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    ABSTRACT: Solanum stramonifolium Jacq. fruit is a commonly found vegetable and herb in Thailand. Its seed aqueous extract was investigated for antibacterial activity by disc diffusion method, protein profile and protein purification. Its seed aqueous extract showed very good inhibition against pathogenic bacteria both gram positive including Stapyllococcus aureus, Bacillus licheniformis, B. subtilis and Xanthomonas sp. and gram negative bacteria including Pseudomonas aeruginosa and Salmonella typhi. Tris-tricine SDS-PAGE revealed major protein bands approximately 10.2, 15.7 and 21.5 kDa. Partial purification by Hitrap Q XL and SOURCE 15RPC column chromatography revealed that the active proteins might bear negative charges. A strong antibacterial activity suggests this plant species could be a good source for antibacterial agents. Further works on pure active compounds characterizations such as molecular structure and bacterial killing mechanism are still needed.
    Full-text · Article · Jan 2012 · International Journal of Agriculture and Biology
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    • "Solanum torvum (family Solanaceae) also known as 'top na aka' in the Batoufam language, is a plant used in Cameroonian folk medicine for the treatment of fever, wound healing and tooth decay [25]. It is reported to have anti-microbial, anti-viral [26,27] and haemostatic properties [27]. A study carried out in Peru on 510 plants showed that 11 species were identified for the treatment of infection, 59 species had anti-inflammatory properties and 43 were used to treat wounds and had haemeostatic properties [28]. "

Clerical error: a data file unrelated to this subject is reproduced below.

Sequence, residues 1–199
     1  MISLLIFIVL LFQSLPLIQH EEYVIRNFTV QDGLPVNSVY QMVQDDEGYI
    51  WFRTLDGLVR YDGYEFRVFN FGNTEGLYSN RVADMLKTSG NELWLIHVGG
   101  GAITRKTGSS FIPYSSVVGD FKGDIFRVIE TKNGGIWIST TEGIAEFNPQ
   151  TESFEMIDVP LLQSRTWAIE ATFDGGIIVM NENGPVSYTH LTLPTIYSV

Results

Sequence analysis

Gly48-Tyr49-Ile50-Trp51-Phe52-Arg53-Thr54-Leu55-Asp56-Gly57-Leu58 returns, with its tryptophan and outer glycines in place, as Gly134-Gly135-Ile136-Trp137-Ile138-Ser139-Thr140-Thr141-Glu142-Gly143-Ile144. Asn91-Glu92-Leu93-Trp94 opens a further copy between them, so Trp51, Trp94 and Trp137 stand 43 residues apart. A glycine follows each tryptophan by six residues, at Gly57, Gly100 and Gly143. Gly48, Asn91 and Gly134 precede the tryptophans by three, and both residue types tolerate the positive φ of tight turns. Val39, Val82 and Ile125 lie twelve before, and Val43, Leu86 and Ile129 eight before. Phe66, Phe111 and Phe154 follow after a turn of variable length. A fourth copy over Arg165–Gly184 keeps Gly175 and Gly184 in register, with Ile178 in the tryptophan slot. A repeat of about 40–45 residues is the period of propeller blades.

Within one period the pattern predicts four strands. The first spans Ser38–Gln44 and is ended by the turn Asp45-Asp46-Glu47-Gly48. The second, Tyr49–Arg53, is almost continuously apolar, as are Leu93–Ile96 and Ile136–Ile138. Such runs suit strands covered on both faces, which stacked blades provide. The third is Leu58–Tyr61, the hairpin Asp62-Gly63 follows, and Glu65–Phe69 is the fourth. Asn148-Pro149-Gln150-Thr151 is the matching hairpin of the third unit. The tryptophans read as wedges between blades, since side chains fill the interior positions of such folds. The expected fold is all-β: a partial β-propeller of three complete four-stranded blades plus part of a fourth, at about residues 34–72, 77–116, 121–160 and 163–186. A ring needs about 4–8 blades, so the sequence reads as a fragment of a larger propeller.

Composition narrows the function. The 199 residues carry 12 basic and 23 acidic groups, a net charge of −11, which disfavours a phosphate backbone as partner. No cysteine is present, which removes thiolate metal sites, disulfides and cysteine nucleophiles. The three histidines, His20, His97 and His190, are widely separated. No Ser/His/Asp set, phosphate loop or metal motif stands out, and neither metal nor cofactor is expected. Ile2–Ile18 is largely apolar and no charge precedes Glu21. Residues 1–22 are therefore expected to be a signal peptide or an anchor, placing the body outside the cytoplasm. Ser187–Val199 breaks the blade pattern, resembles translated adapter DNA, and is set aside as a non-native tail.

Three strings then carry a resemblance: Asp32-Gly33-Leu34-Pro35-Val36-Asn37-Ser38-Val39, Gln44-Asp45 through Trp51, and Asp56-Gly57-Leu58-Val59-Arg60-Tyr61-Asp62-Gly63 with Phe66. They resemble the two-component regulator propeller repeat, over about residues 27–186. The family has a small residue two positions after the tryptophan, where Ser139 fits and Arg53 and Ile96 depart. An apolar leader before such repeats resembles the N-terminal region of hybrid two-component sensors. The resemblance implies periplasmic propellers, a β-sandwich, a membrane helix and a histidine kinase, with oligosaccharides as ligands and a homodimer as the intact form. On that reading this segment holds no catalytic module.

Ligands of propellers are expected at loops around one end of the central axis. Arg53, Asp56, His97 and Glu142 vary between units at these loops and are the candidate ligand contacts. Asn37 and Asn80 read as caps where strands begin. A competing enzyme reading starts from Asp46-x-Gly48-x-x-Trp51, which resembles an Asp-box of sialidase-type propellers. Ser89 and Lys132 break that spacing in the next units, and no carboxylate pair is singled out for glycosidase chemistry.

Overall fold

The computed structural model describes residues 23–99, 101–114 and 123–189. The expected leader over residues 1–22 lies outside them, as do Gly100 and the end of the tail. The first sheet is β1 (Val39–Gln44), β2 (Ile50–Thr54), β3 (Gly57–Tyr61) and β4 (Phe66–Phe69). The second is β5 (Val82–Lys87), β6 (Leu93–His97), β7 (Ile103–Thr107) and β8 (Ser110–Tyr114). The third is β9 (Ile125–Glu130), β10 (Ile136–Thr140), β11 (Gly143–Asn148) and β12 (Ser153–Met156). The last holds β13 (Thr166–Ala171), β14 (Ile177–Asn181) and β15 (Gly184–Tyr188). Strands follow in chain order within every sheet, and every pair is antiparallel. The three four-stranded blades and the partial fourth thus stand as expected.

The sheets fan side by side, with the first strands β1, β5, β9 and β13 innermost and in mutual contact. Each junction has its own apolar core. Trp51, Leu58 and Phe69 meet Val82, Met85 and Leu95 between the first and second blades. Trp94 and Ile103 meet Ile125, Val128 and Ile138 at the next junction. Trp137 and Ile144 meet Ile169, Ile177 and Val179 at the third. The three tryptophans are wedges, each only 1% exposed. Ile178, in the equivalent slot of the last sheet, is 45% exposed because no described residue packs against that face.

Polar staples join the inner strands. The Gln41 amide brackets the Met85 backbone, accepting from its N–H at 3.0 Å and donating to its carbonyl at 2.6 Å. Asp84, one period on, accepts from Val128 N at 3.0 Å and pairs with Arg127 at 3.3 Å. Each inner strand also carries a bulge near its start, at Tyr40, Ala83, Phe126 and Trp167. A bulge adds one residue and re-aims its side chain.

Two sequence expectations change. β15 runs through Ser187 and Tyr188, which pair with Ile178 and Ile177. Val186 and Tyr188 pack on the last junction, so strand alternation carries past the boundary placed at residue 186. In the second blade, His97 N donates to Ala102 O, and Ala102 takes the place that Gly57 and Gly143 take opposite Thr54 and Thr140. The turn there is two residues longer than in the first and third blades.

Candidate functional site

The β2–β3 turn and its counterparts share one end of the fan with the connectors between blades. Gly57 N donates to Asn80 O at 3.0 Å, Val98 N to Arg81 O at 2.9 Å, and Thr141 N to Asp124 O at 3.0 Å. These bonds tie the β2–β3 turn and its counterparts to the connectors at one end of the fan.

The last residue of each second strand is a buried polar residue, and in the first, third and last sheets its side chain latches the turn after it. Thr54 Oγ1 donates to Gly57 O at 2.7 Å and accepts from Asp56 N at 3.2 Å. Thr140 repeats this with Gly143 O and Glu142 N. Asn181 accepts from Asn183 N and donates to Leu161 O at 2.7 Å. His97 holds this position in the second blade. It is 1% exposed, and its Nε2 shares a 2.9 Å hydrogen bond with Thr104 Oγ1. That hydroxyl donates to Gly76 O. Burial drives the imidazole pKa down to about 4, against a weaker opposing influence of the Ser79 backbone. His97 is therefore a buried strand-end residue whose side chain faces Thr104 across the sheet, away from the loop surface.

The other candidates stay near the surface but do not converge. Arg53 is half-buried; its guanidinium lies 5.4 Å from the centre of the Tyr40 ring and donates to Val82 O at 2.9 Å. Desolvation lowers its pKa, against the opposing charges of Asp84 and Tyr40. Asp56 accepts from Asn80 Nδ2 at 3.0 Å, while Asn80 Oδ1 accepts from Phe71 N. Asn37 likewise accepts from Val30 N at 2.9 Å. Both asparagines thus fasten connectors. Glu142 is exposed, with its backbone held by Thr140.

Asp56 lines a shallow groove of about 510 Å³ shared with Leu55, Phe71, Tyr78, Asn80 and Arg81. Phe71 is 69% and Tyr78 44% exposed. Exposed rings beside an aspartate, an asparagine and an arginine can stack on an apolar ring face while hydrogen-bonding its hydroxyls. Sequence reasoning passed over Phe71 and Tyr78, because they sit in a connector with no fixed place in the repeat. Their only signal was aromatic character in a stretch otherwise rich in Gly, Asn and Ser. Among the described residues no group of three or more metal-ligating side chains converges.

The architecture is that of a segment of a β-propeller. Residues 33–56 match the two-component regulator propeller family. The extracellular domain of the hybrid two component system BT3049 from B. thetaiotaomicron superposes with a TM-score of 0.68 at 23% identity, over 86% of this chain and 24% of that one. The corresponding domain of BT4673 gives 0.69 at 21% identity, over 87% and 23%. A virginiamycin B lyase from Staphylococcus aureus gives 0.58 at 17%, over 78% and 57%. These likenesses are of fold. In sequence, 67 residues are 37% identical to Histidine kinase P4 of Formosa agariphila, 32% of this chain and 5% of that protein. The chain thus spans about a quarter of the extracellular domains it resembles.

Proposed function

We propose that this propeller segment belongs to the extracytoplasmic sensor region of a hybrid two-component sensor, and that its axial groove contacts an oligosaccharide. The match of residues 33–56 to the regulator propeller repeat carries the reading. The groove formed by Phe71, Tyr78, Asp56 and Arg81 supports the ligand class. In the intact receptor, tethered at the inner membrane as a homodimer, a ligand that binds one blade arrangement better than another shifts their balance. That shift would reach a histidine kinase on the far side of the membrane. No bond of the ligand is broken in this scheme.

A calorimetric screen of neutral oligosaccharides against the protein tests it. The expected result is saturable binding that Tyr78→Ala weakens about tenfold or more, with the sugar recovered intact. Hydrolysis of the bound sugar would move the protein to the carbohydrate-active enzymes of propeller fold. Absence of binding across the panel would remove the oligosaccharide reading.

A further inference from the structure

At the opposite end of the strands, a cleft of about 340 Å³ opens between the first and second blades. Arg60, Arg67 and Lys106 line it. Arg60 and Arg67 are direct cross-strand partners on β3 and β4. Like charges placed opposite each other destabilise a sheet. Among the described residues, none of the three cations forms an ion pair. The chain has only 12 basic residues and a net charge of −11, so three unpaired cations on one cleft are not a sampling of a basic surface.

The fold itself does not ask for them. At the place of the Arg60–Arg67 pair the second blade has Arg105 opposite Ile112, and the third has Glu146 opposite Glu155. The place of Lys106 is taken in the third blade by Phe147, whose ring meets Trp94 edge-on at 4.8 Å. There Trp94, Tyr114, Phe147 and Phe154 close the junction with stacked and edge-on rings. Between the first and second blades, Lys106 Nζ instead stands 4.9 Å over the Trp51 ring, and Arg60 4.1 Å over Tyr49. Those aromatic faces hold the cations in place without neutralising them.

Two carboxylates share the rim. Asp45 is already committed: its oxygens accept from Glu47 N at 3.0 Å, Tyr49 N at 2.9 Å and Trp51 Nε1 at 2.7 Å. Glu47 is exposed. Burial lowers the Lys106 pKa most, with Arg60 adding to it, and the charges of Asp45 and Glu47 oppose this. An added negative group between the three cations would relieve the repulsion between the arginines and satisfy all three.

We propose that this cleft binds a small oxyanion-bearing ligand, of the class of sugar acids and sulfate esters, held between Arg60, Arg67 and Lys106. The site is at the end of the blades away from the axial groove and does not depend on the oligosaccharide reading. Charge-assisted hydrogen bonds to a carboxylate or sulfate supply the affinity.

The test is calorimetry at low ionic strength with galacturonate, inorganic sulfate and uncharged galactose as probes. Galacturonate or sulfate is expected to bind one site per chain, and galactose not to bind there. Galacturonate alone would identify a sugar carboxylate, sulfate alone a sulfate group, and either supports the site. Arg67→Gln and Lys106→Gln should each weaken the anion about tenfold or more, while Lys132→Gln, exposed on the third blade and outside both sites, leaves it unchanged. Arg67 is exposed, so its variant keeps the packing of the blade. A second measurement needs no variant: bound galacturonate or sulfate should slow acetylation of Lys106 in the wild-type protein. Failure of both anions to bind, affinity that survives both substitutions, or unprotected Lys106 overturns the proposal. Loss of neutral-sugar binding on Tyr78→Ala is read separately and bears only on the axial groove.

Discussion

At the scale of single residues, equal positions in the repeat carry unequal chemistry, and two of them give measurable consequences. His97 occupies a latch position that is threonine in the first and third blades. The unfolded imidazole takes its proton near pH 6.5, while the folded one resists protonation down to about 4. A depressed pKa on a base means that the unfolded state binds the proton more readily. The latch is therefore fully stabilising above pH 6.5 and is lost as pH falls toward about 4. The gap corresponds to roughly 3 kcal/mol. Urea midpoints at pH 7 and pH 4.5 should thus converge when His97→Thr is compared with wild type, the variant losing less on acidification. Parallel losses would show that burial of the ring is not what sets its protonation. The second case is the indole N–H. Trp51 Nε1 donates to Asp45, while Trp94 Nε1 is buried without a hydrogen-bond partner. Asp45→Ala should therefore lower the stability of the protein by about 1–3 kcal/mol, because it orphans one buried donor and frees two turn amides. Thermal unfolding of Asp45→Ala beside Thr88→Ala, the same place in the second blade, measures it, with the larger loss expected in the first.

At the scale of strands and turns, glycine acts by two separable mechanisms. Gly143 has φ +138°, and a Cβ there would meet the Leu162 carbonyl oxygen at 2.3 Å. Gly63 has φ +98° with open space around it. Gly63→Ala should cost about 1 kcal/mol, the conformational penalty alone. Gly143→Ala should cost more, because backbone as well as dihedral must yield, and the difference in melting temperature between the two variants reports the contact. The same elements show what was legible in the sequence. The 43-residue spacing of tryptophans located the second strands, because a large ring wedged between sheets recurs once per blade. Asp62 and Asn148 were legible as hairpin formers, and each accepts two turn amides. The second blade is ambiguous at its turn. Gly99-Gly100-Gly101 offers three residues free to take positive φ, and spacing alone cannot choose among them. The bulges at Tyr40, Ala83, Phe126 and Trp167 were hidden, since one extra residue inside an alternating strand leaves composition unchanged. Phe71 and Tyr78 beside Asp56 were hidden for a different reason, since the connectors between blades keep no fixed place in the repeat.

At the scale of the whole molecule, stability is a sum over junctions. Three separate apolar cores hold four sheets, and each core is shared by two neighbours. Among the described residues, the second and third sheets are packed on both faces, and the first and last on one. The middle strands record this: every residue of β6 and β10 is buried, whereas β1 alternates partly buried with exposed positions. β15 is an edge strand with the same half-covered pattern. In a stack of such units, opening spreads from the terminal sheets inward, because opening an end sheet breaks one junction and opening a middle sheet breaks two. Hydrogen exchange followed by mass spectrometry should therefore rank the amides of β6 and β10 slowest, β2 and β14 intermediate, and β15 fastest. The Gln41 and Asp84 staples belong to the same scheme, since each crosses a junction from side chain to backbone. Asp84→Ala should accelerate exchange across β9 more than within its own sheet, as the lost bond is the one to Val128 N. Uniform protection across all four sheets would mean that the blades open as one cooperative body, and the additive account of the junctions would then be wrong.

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    ABSTRACT: The extraction of the teeth by traditional healers in Cameroon is an established cultural practice in the central region of the Cameroon. Traditional healers (TH) use herbs and crude un-sterilized instruments and tools for the tooth extraction procedure. The present study investigates the knowledge and practices of traditional healers regarding tooth extraction and the management of its complications. A cross sectional design utilizing semi-structured questionnaires was used to collect the data from traditional healers and their patients. Sixteen traditional healers (TH) were interviewed. All were male and the majority were between 25-35 years old. The most important reason given for the removal of a tooth was "if it has a hole". All reported using herbs to control bleeding and pain after extractions. Only 20% used gloves between patients when extracting a tooth and just over a third (31.3%) gave post-operative instructions. Eighty seven percent managed complications with herbs and 62.5% reported that they would refer their patients to a dentist whenever there are complications. Only a third (31.3%) was familiar with the basic anatomy of a tooth and more than half (56.3%) reported that tooth extractions are the only treatment for dental problems.One hundred and fifty patients were interviewed with a mean age of 29 years. More than two thirds were in the 21-30 year age group and just over half were male. Sixty six percent reported that they visited the TH because it is cheap, 93.3% were satisfied with the treatment they received while 95.3% reported said they never had a problem after an extraction. Tooth extractions using medicinal plants is well established in Lekie division, Cameroon. Infection control during extraction is not the norm. Traditional healers are willing to co-operate with oral health workers in improving the oral health of their patients. Mutual cooperation, collaboration and integrating TH into primary oral health care services need to be increased.
    Full-text · Article · May 2011 · Journal of Ethnobiology and Ethnomedicine